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Thread: US: Contacting Your Elected Officials

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  1. #3
    Herder of Hamsters AW Admin's Avatar
    Join Date
    Apr 2008
    On the Server
    Methods of Communicating

    • In terms of effectiveness, right now the preferred methods from best to less effective are: Phone call, Personal letter/postcard via US Mail, and email.
    • Consider a phone call if you have a specific and concise concern. There's some data that suggests currently a phone call is the most efficient and effect communication. See this piece for advice on calling.
    • While email is efficient for both recipient and sender, be aware that the ease of sending off an email is matched by the ease of processing it via a script and sending an automated reply.
    • A carefully crafted personal letter indicates that you take an issue seriously. Moreover, it can be passed directly hand-to-hand.
    • Postcards may have some utility still; I'm not sure that this is as true as it used to be. FAX options are still present for many elected officials.
    • No matter what method you use, be aware that you're dealing with a franticly busy staffer.
    • Don't be dismissive. Just as in publishing, the person who reads slush or processes constituent communications may seem powerless, but has the power to pass your message up the food chain.
    • Be courteous.

    Barney Frank's Suggestions about Effective Communication

    Representative Barney Frank on Here's how to not waste your time pressuring lawmakers

    The article is a two minute read, with specific suggestions on how to effectively make your voice and vote count.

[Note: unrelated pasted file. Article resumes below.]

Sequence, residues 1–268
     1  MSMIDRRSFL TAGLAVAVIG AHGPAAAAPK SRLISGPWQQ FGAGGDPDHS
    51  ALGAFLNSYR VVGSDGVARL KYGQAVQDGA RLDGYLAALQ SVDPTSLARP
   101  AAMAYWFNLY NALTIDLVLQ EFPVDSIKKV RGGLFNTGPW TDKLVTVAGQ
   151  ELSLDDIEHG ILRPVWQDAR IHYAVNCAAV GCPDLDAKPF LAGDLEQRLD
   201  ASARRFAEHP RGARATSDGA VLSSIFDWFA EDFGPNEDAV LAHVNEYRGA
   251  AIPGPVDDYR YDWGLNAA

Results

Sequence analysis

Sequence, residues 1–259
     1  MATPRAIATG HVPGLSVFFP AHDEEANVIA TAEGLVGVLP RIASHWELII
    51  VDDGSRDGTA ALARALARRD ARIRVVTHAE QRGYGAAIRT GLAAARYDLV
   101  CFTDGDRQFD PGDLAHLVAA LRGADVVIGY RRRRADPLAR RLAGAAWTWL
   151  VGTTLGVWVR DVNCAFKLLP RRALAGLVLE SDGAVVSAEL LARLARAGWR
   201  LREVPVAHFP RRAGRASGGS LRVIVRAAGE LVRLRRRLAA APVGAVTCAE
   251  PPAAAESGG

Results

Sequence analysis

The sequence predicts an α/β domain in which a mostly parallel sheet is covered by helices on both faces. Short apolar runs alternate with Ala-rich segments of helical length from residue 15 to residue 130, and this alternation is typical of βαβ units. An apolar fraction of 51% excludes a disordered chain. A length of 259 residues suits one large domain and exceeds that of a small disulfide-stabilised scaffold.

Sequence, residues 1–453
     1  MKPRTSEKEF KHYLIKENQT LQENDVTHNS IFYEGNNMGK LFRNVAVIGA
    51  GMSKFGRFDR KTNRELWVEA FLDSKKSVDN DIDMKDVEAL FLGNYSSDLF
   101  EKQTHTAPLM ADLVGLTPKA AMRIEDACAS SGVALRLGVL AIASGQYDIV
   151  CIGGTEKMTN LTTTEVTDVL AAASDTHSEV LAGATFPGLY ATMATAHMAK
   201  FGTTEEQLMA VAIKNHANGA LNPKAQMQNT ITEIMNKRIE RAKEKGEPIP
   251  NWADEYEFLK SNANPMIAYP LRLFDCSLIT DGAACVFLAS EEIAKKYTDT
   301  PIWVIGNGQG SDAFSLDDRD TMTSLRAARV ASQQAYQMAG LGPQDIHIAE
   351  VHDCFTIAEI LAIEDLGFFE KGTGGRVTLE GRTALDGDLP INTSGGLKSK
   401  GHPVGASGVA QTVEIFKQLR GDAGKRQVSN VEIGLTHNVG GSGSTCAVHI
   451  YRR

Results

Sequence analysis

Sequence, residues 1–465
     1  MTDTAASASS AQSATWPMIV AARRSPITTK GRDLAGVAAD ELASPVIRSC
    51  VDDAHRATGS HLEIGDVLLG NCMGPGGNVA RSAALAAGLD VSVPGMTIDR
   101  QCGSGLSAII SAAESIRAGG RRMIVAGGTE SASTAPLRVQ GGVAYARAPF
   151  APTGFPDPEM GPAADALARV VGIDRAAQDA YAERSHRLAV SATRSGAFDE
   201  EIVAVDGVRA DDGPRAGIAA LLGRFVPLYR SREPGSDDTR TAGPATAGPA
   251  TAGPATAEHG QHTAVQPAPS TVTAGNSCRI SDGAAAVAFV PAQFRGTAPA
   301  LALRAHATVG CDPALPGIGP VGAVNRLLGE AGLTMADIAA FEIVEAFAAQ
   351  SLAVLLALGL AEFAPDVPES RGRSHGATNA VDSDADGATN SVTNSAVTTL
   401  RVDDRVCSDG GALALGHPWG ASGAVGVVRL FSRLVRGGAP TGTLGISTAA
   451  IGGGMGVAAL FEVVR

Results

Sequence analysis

The key to doing it right is being clear about the goal, which is to persuade the Senator or Representative receiving the communication that how he or she votes on the issue in question will affect how the sender will vote the next time the legislator is on the ballot.
    Lawmakers don’t care about people outside of their district.
    The communication must be individual. It can be an email, physical letter, a phone call or an office visit. It need not be elaborate or eloquent — it is an opinion to be counted, not an essay. But it will not have an impact unless it shows some individual initiative.
    Legislators do not simply vote yes or no on every issue. If enough people in a legislator’s voting constituency express strong opposition to a measure to which that legislator is ideologically or politically committed, it might lead him or her to ask the relevant leadership not to bring the bill up.
    Say "thank you."
    Last edited by AW Admin; 02-08-2017 at 06:12 PM.

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